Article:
“He has always been in this for what it could do for the city and community, rather than for being something big and shiny,” Miss McIntyre said.
The charity – made up of a 13-strong team – pulled together a two-day event in 2017 to showcase their plans.
It involved a “fabulous” gala ball with entertainment from Hue and Cry to try and attract businesses and investors and a family fun day.
It was at the second event that the project really began to gather momentum, with more than 3,500 people turning out to find out about the attraction and offer their ideas.
“It was a pivotal moment in the project,” Miss McIntyre said.
“We had sparked something. The concept was really resonating with them and you could see them reimagining their connection with the coast.
“The day was run by the community and we realised then that it was them that would make this project a success, rather than just a visitor attraction.
“It took it to another level.”
Keen to get the project under way, and realising it could take years to realise the multi-million pound dream, the team began considering what they could create “more immediately” and came up with the idea of using custom-made converted shipping containers.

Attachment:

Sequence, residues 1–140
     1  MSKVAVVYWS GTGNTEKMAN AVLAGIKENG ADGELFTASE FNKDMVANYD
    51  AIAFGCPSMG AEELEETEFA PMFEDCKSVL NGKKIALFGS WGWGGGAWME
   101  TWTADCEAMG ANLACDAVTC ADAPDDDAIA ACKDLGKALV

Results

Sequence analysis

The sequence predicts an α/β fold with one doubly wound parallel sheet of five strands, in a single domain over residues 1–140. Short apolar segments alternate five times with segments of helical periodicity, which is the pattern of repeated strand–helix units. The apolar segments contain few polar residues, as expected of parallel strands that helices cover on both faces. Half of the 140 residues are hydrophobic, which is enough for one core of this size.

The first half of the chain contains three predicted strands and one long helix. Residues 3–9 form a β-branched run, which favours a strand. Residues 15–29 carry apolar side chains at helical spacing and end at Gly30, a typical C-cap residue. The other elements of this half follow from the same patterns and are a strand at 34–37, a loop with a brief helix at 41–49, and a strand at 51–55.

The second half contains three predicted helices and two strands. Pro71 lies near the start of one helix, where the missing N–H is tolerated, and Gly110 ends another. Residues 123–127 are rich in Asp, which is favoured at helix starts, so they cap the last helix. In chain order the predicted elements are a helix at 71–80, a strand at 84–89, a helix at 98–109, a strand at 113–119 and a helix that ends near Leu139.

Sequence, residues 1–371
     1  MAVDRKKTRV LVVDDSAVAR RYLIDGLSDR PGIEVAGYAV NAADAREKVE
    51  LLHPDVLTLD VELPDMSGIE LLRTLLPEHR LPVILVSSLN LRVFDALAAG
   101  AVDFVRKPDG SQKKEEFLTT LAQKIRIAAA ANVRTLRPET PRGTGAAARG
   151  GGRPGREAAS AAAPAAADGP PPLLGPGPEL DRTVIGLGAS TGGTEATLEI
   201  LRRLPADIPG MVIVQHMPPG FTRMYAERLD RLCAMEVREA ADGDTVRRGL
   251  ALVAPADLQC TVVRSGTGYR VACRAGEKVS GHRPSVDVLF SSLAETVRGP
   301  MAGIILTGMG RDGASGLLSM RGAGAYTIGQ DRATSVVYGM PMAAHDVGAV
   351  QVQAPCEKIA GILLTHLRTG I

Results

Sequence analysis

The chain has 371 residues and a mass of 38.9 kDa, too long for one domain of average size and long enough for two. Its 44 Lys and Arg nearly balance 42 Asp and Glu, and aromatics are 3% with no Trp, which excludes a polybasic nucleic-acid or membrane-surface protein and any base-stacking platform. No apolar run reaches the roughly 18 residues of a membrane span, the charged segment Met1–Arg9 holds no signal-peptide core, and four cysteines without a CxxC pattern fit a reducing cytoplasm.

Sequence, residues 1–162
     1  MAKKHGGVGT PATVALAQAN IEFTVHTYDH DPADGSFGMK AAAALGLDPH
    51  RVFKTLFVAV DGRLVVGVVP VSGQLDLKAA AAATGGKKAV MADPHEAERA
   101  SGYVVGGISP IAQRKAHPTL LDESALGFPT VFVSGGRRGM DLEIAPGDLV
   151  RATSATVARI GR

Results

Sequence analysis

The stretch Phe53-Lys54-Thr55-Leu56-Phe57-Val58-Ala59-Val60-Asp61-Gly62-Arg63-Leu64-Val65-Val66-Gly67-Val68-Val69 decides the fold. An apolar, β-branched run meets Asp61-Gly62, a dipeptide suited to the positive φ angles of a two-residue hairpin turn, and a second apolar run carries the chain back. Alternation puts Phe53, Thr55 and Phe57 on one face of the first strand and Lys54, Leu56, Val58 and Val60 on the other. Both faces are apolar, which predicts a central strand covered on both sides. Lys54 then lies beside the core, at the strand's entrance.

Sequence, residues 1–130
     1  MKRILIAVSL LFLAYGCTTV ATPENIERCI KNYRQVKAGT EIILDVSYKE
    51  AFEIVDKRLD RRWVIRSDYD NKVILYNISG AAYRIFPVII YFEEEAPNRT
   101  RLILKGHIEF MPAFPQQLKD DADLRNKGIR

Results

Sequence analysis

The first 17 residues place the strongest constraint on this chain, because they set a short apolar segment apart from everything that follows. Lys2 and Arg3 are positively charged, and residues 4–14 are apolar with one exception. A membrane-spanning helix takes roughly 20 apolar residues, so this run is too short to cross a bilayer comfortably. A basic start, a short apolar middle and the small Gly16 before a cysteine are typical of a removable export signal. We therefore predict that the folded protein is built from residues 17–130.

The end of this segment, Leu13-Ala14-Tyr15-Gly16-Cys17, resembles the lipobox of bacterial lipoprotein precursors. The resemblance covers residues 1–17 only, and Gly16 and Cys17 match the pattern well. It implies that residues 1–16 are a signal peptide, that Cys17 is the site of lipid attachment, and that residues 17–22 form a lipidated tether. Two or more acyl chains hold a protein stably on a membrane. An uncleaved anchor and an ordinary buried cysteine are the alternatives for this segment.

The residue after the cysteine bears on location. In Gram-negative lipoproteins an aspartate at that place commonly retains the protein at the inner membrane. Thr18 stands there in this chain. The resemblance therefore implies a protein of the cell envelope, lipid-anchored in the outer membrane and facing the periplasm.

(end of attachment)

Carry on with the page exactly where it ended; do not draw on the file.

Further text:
Buoyed by the success of the workshop – and £15,000 of funding through UDecide Torry – the charity decided to open the Greyhope Bay pop-up shop in the Bon Accord Centre.
And once again, the team were overwhelmed by the positive response.
The one recurring comment, however, was that Greyhope Bay itself wasn’t the right spot.
“A lot of people kept telling us that Torry Battery was the better site,” Miss McIntyre said.
“That was another pivotal moment for us. Were we looking at the wrong site?
“We had avoided it because it is a historic site and we thought it might be more difficult to get permission.
“But we found that both the city council and Historic Environment Scotland were really supportive of our plans and so we turned our attention to that site in 2018.
“This is now an opportunity to create something that will highlight the importance of marine life and tell the story of Torry Battery, while also creating a better viewpoint for our visiting dolphins.”